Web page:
Al Hasan City Center
Bloc A 3rd Floor
Corniche el Mazraa
Facing Russian Embassy
Beirut, Lebanon
Phone: +961- 1- 317487

Copyright © 2010 Dabaja's Hearing Correction Center | All rights reserved | Designed and Developed by Joe & Dandy
Tips & Advices

If you have one or on all these symptoms, you are most likely suffering from hearing loss:

  1. You often ask people to repeat themselves.
  2. You use “what” and “Huh” frequently.
  3. You have trouble hearing TV and your family noted that the TV volume is very loud.
  4. You have to concentrate to hear others talk or whisper.
  5. You no longer hear the “ticking” of a clock, the leaky faucet or bird singing.
  6. You cannot always hear the doorbell or telephone ringing.
  7. You must read lips of the other when speaking.
  8. You have trouble to communicate in a crowded place or in a car and meetings.
  9. You are bothered by ringing in the ears “Tinnitus”.

So the first step toward improving this situation and protect your hearing is to contact us. Don’t be late, we are able to help you, test your hearing, and advise the best treatment that suits your situation.

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Types Of Hearing Aids
How Do We Hear

Our ears can be roughly divided into three parts: 
The Outer ear collects sounds from our surroundings and is also called the Pinea.  It is the part of the ear that we can see!
The Middle ear consists of the ear canal, eardrum, and the three little bones behind our eardrum.
The Inner ear is essentially our hearing sensory organ, also called the Cochlear.  The cochlear is responsible for sensing the different sounds that we hear.  Incidentally, our balance organ is also housed inside the cochlear.

Very briefly ...
(1) Our Outer Ear or Pinea is responsible for "catching" and collecting sounds from the environment.

(2) The sound waves then travels down our ear canal vibrate our eardrum which in turn, vibrates the three little bones attached to the eardrum.

(3) The three little bones are responsible to conduct the sound waves into our hearing organ (cochlear).  It is within the cochlear that a number of electrophysiological events take place and the sound vibrations are converted into electrical impulses which travel along our nerves delivering the message to our brains.  It is interesting to note that our balance organ is also located within the cochlear.

(4) Our brains then look at the message from both of ears and process the information through a number of central centers (e.g. our language centers) to decipher the content of the message - this is how we translate what we are hearing into meaningful language.  Our hearing system is not only responsible for understanding speech; it is also responsible for other functions, such as work together with our other sensory systems to paint us a picture of the world around us.

What Can Go Wrong

Given that our hearing system is extremely complex and includes a number of different processes, not only in our ears, but also the higher orders processed by our brains, a breakdown anywhere along the pathway could potentially lead us to not understand what is being said.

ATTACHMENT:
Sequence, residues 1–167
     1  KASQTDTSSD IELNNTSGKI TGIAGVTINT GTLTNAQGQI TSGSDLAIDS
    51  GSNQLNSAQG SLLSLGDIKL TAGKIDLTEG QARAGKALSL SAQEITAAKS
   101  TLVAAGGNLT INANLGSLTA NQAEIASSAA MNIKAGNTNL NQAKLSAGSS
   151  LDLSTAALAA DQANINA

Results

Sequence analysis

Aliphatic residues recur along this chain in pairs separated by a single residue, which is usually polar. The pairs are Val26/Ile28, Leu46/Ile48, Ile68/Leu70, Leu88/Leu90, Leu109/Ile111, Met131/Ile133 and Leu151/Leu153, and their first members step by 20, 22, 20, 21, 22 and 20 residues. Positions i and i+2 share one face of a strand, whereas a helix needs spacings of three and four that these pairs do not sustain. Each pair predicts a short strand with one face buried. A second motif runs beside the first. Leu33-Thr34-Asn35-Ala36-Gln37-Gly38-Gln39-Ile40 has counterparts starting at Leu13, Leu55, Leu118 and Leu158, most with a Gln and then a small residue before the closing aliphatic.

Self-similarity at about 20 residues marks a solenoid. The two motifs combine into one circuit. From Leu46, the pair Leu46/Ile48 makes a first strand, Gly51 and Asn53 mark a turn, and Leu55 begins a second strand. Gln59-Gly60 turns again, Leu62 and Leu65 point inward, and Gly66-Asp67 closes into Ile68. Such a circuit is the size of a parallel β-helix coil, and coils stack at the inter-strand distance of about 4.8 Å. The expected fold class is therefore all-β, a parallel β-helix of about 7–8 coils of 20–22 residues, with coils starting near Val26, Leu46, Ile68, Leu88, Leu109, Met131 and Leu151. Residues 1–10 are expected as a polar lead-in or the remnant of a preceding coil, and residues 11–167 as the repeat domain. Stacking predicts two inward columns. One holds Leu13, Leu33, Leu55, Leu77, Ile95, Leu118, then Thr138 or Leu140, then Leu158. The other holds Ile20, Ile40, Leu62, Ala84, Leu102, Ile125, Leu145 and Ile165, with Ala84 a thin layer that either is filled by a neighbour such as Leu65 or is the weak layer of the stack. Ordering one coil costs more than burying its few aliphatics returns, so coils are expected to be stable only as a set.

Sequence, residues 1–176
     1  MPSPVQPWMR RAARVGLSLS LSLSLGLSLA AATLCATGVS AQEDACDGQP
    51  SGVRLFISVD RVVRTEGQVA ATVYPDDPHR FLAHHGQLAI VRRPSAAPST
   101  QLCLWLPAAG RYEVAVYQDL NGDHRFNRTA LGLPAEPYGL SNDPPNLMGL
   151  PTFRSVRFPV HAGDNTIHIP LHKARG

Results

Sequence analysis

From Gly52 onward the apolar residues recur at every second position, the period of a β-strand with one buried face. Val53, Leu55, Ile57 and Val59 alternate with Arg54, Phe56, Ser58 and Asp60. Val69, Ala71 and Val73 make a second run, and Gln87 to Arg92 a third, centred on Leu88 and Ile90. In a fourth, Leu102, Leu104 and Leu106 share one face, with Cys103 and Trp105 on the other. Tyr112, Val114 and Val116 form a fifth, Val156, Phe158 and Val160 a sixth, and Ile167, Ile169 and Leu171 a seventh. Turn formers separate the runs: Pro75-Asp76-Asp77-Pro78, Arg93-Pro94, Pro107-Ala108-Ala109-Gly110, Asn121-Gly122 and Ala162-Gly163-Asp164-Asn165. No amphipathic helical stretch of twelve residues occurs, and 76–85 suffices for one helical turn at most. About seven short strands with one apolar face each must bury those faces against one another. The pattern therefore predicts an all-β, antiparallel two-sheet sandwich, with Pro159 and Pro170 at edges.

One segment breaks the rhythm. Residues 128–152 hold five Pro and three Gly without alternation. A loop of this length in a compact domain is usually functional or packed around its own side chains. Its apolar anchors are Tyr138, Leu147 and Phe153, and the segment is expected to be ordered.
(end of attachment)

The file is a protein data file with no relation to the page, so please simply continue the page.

To look at the ears by themselves, we can break down hearing loss into three general categories:

(1)Conductive Hearing Loss - is related primarily to the inability of the outer and middle ears to conduct the sound waves into the cochlear. E.g the passage way from the outside world into our hearing organ is blocked.  The blockage could be a physical blockage such as having compacted wax in the ear canal, or fluid in the middle ear as a result of an infection.  It could also be a pressure blockage, such as during a cold and your ears become "blocked".  In some cases, there may be a dysfunction of the three little bones in the ear or a hole in the eardrum which means that the middle ear system is not able to conduct the sounds as efficiently as it ought to.  Most conductive losses are treated medically with antibiotics or surgery - your Audiologist will advise you on further medical referrals if your hearing loss is found to be conductive.

(2)  Sensorineural Hearing Loss - commonly known as "nerve deafness", is a decrease in the cochlea's ability to "sense" sounds.  The most common etiology that results in sensor neural hearing loss is the death of the tiny hairs that line the inside of the cochlear.  When the little hairs break off, from noise exposure or as part of general decline, the cochlear becomes less sensitive to sounds.  The cochlear is organized such that regions responsible for lower pitch sounds are more protected than those regions allocated to higher pitch sounds.  Because of this, we tend to see hearing loss in the high pitch regions as a result of noise damage or part of general ageing.  This type of hearing loss can only be aided by hearing instruments.  The fact that we tend to see more high pitch nerve deafness has enormous implications on how people adapt to hearing aids. 

(3) Mixed Hearing Loss - is a combination of the other two types of hearing losses. 

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